Holiday Timesaving Tips to Make Your Holidays Easier

I love the holidays, and every year, my list of ideas and grand plans get bigger and bigger. Thing is, time doesn’t increase in accordance with the To Do list, and each year, I end up scrambling to get it all done. This year, I plan on not going overboard — which I’m putting out there publicly so I am now accountable — and I plan on using all the holiday timesaving tips below, proven successful when I follow-through, to make sure I don’t just get through the holidays, but I enjoy them and have memories that I want to remember.

Using technology, a little forethought and a good old-fashioned pencil and paper binder, you too can save time throughout the holiday season with these holiday timesaving tips!

  • When planning shopping trips, write out your list in sections. For example, put all the hygiene items in one mini-list, food items in another and so forth. Plan your route around the store in the fastest way using these store sections as stopping points so you spend less time wandering around and you’ll get out faster.
  • Baking items go on sale early in November. When prices are good and you have a little extra cash, buy in multiples so you aren’t sending someone to the store last-minute because you ran out of brown sugar or canned pumpkin. If you can, buy some things in bulk, like chocolate chips from Costco.
  • Create a master planner. Some people prefer a purchased planner, but I use a spiral binder with pockets in the covers. One page per child, a couple of pages for friends and family and one for neighbors and/or acquaintances where I can list gift ideas and things I’ve purchased. (And if you’re like me, you can also tabulate how much money you’ve spent.) Save a page for your holiday dinner menu, scheduling visits and even Christmas Eve snacks. Carry it with you and have worry-free shopping trips!
  • If you’re not paying cash for Christmas up front (or with your debit card) consider carrying a second credit card as back-up; nothing more embarrassing and annoying than trying to check out of a crowded store, long line of people behind you, with the store telling you that your card is on hold due to an overzealous fraud protection department. (Been there, done that. It’s usually easily fixed when you call to notify the credit card provider those three cellphones and two Xboxes are legitimate purchases, but it can still throw a wrench in your day if your phone battery dies or you’re unable to get through quickly enough.) You can also keep your receipts in the pockets for easy returns/exchanges!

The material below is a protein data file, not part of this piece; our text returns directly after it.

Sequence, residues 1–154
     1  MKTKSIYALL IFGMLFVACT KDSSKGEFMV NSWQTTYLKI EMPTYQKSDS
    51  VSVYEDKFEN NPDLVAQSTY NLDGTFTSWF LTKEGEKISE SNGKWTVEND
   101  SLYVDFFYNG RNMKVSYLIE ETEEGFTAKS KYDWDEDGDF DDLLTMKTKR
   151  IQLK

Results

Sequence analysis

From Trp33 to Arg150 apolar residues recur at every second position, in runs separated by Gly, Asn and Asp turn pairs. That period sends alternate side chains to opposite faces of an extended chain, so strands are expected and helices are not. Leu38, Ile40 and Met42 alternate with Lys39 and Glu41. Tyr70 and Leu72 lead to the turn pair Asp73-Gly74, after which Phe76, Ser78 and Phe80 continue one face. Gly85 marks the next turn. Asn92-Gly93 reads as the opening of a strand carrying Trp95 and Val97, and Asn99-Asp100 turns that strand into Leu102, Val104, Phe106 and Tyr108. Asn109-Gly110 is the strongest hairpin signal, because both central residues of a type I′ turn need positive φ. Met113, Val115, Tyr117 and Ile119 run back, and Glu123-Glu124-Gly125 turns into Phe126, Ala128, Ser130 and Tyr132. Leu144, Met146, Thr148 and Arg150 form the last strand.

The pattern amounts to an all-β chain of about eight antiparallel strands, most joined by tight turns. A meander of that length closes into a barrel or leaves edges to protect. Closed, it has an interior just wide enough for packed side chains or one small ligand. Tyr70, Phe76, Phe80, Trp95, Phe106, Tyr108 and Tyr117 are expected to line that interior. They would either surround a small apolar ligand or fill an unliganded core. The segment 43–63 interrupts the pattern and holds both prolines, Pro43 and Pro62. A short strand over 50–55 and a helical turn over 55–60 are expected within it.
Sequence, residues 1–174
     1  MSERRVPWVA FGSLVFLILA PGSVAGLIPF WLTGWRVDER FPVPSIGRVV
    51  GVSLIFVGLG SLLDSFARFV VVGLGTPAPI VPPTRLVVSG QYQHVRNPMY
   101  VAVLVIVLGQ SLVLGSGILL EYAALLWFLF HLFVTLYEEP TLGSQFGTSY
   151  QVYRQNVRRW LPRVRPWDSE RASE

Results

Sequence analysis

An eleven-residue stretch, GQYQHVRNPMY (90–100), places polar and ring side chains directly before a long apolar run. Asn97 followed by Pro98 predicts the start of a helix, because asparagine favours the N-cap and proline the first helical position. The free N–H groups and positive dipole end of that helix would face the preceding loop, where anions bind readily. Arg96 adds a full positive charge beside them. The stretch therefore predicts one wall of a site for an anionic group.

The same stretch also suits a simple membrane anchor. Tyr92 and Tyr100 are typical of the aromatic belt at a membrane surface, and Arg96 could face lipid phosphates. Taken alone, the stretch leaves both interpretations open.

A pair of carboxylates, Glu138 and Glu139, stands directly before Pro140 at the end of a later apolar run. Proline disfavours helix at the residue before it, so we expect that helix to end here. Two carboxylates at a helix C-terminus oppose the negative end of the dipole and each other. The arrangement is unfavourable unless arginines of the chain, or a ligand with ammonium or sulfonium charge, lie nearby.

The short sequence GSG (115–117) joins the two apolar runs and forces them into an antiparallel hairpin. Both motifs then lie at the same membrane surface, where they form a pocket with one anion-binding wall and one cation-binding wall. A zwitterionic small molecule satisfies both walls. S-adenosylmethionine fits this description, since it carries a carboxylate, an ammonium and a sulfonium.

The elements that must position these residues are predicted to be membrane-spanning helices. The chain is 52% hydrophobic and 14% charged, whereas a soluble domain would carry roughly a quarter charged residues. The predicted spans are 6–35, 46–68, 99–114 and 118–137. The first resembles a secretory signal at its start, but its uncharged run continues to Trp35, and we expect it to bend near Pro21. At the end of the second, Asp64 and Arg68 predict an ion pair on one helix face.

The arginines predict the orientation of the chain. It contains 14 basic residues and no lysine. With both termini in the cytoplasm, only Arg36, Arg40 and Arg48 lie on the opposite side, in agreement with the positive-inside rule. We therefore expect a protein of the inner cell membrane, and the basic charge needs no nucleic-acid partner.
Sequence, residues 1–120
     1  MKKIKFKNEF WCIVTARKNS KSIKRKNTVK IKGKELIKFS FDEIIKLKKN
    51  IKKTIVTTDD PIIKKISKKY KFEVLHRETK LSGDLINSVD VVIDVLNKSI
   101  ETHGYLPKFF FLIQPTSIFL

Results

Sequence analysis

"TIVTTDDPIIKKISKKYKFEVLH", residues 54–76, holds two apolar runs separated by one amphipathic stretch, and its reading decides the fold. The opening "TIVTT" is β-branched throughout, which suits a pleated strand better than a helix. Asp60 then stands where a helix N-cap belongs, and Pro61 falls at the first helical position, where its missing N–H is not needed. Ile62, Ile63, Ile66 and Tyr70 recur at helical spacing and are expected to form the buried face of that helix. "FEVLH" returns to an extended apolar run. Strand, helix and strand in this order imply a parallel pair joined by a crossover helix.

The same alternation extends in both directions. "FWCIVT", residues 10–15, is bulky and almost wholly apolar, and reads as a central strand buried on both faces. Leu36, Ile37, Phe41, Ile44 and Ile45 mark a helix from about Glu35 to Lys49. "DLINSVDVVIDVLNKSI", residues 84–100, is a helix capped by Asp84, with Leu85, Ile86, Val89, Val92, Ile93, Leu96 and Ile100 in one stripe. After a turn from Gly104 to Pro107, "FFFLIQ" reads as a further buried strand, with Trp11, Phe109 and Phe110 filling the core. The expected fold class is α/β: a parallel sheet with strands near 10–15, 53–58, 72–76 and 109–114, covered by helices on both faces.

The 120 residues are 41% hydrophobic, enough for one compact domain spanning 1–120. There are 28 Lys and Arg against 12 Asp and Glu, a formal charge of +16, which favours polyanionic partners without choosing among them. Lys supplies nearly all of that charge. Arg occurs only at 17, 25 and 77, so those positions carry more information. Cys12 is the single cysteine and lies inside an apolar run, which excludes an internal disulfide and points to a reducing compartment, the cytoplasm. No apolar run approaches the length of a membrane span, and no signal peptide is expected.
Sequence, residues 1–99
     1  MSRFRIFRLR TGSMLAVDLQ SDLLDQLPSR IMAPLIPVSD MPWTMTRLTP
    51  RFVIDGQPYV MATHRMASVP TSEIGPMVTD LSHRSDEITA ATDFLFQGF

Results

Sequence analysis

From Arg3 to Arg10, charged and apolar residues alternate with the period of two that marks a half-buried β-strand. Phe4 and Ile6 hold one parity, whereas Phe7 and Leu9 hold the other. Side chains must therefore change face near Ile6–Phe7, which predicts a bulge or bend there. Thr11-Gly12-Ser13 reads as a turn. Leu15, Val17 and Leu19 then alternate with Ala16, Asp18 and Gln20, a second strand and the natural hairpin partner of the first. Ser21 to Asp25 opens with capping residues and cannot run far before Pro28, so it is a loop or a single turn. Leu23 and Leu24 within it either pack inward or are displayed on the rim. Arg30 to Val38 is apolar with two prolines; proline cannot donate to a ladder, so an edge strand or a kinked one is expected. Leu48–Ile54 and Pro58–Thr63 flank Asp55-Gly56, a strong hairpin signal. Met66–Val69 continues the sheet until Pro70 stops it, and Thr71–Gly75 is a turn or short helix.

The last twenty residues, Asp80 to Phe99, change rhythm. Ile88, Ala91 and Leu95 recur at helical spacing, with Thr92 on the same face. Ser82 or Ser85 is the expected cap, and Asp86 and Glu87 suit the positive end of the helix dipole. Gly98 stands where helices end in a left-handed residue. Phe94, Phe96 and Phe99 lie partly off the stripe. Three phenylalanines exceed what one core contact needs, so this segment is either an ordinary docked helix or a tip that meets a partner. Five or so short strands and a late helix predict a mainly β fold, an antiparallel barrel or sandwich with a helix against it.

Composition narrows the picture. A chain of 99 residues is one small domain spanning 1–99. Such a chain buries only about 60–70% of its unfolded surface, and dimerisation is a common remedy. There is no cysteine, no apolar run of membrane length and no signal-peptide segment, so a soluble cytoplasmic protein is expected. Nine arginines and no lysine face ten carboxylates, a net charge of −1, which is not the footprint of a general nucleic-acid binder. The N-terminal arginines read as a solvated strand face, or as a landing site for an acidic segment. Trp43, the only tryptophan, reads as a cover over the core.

• Take advantage of those holiday coupons that give you something free! Places like Bath and Body Works commonly send out coupons with big discounts and/or free items upon purchase; even if you don’t need those items, you can keep them on hand, in a small basket in your closet, as gifts for those you forget or surprise you with something. I put them in simple cellophane bags tied with ribbon, so I can see what’s in it and organize it easily. Ready in a flash and you can do it with all sorts of things, like holiday gloves, candy selections, a fun holiday CD, etc.
  • Hosting any holiday gatherings? Create a Pinterest board for each one! If you are having guests contribute, invite them to post to the board. It’s an easy way for everyone to see what will be served so there are no duplicates and if someone has a food allergy or problem, they have advanced notice.
  • Shopping for unique gifts amongst the family gets difficult – do the same thing with Pinterest as you do for holiday meals. Make a board where all the adult kids can share what they’re getting for mom and dad. No duplicates and it’s easy to assign roles, such as “You buy <whatever> and I’ll be in charge of whatever, with <insert name> in charge of wrapping, card and accessories.”
  • Traveling over the holidays? Another use for Pinterest! Create a packing list board for your kids that are old enough to pack their own things. Hand them the tablet or mobile device and let them use the board as a guide to get everything into their case; they learn responsibility and you only have to review it with them later instead of doing it all yourself.
  • Use online wish lists! I love Amazon’s wish list option. I keep one for kitchen gadgets I need, one for cookbooks, one for random things, etc. One entitled “Holiday Housewares” is a way to gather all those things you have to purchase before you host a dinner or house guests. My Thanksgiving dinner list has a roaster, a bar stool I’d like to buy two of, and a few miscellaneous things that will make our dinner come together seamlessly. And I can share it with others who may want to contribute or co-host.

Enjoying the holidays is the most important thing but the rest of the work doesn’t just go away, so we aim to find ways to decrease as much stress and hassle as possible. These holiday timesaving tips should leave you more time to talk with your friends and family or just sit by the fireplace to recharge with a glass of wine and a good book. (And sometimes that’s more important than finding the perfect gift or making one more loaf of cranberry bread!)

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